New South Wales has decided to pause the plans over the return of international students as long as the state is in lockdown, Premier Gladys Berejiklian has confirmed on Tuesday.
Berejiklian said that the government would not do anything to “compromise its ability to exit the lockdown” as soon as possible. Nevertheless, a final date for an end to the lockdown has not been set yet by the state government, Erudera.com reports.
“We will look at all those issues once we exit the lockdown. Whilst we are in lockdown, our absolute obsession is to get us out of lockdown. We all know the challenge that poses but know that by working together we will get there,” she was quoted by The Sydney Morning Herald as saying.
In the meantime, the Federal Education Minister Alan Tudge described the decision of the NSW government to pause the pilot program as the “right approach,” adding that at the moment, NSW is focused on reducing the COVID-19 numbers and get out of the current lockdown.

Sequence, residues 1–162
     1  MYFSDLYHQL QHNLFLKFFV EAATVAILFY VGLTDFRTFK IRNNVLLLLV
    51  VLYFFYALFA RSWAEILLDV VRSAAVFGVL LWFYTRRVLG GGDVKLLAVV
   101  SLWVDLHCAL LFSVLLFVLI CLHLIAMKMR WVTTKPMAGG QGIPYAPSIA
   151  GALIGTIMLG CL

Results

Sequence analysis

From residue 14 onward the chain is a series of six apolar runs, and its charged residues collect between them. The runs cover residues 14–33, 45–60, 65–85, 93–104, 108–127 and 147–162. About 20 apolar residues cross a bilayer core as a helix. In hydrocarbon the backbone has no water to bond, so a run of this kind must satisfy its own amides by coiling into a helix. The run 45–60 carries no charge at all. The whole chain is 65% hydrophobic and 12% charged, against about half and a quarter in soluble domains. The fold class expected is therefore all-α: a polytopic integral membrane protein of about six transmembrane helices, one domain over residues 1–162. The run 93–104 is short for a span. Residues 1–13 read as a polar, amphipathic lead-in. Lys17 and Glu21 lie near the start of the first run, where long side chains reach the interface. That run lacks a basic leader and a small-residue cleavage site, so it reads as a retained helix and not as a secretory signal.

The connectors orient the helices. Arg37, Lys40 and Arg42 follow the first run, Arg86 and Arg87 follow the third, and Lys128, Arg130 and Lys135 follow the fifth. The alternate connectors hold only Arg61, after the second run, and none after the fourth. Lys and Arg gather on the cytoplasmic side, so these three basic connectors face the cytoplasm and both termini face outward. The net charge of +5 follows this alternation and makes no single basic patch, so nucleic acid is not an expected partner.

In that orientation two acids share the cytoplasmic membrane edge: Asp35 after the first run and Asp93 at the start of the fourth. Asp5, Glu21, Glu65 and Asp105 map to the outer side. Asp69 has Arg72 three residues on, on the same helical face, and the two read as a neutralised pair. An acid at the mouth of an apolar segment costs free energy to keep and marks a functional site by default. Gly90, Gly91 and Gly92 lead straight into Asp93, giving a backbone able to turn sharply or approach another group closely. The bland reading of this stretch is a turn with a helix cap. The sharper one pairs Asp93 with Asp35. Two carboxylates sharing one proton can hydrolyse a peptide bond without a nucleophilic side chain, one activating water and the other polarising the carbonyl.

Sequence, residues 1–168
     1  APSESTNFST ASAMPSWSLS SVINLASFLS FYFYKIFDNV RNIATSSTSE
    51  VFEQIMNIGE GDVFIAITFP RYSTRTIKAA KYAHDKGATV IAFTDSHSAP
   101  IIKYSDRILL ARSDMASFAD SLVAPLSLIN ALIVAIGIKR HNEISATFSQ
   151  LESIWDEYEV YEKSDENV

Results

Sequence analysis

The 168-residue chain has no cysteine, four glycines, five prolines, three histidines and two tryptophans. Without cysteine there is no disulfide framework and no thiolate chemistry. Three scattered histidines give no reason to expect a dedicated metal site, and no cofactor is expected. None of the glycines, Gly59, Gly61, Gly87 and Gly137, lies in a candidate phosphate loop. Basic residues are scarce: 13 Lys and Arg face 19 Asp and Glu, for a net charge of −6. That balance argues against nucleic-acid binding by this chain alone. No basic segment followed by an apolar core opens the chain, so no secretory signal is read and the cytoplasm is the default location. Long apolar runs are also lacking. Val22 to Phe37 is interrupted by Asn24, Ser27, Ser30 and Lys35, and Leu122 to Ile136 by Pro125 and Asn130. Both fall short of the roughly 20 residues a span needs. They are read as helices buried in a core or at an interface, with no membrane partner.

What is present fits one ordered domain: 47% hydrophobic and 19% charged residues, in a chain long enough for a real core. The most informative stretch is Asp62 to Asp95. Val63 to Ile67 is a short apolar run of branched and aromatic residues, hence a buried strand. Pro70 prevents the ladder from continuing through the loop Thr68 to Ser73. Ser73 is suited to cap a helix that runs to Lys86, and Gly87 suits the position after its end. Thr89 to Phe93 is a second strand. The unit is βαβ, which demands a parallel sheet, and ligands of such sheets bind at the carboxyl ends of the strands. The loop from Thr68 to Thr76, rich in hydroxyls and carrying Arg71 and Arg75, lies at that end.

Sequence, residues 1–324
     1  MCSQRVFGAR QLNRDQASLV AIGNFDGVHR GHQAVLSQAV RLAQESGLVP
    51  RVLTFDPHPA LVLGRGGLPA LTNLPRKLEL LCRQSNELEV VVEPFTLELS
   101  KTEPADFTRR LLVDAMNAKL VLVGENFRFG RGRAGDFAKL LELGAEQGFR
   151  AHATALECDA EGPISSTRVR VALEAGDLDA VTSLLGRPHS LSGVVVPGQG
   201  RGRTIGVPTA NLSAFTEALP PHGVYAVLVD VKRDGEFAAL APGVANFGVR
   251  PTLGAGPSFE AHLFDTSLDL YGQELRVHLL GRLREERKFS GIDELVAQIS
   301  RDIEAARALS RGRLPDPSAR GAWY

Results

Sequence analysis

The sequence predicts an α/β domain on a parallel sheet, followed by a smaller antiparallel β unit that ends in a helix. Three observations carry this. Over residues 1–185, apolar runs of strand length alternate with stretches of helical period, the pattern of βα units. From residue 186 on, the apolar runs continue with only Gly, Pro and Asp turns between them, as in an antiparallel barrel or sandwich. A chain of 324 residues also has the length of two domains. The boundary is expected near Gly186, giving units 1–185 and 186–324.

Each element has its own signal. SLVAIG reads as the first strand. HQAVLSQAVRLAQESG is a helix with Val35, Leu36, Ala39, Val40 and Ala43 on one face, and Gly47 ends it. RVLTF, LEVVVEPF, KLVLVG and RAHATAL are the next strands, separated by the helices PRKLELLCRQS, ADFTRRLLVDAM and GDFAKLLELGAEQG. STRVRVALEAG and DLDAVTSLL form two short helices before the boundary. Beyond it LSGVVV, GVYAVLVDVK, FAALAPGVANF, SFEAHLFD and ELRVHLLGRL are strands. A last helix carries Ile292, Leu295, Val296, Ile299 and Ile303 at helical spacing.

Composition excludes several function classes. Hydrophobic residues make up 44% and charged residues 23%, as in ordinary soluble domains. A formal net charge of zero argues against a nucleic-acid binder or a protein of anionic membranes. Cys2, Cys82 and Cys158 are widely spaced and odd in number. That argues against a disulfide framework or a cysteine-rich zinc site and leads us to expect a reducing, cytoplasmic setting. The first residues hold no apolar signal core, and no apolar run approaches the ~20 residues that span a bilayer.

“We’ll continue to work with states and territories on proposals to return international students when conditions allow. As always, we’ll be guided by the health advice and keep the safety of Australians as our number one priority,” he said.
According to the NSW Vice-Chancellors’ Committee, Convenor Professor Barney Glover, the pause has been a “sensible response in the current circumstances.” However, Glover pointed out that the committee has been working on logistics with the state government to make sure that the pilot can proceed once the lockdown ends.
“Allowing international students to continue their studies in Australia is vital to the state and our universities,” Glover said.
This month, the National Cabinet agreed to the creation of a four-phase plan to reopen the country depending on the numbers of Australians being vaccinated against COVID-19. The first phase allows pilot programs for limited entry of student and economical visa holders, but the number of students to enter the country will be determined in the next phases.
Last month, South Australia became the first state to receive permission from the federal government to implement its plan over the return of international students. The plan intended to quarantine 160 students at Parafield Airport and oblige the latter to perform COVID-19 testing.
Every year, international students contribute a total of $14 billion to the NSW economy, with every international student spending a total of $60,000 on average for their education.